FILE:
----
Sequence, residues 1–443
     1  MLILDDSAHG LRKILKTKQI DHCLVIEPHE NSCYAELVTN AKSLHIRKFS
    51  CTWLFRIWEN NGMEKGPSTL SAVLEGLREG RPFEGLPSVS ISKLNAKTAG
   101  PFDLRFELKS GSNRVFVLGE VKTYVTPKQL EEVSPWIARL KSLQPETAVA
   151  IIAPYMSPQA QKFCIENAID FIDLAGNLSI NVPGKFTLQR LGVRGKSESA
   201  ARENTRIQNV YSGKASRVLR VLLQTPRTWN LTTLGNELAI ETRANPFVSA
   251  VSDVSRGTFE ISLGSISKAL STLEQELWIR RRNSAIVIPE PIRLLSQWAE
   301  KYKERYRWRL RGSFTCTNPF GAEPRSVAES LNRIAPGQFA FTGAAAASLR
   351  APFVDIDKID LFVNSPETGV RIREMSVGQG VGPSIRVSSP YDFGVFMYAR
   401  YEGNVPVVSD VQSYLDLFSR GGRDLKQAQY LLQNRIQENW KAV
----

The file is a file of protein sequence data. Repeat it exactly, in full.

Sequence, residues 1–443
     1  MLILDDSAHG LRKILKTKQI DHCLVIEPHE NSCYAELVTN AKSLHIRKFS
    51  CTWLFRIWEN NGMEKGPSTL SAVLEGLREG RPFEGLPSVS ISKLNAKTAG
   101  PFDLRFELKS GSNRVFVLGE VKTYVTPKQL EEVSPWIARL KSLQPETAVA
   151  IIAPYMSPQA QKFCIENAID FIDLAGNLSI NVPGKFTLQR LGVRGKSESA
   201  ARENTRIQNV YSGKASRVLR VLLQTPRTWN LTTLGNELAI ETRANPFVSA
   251  VSDVSRGTFE ISLGSISKAL STLEQELWIR RRNSAIVIPE PIRLLSQWAE
   301  KYKERYRWRL RGSFTCTNPF GAEPRSVAES LNRIAPGQFA FTGAAAASLR
   351  APFVDIDKID LFVNSPETGV RIREMSVGQG VGPSIRVSSP YDFGVFMYAR
   401  YEGNVPVVSD VQSYLDLFSR GGRDLKQAQY LLQNRIQENW KAV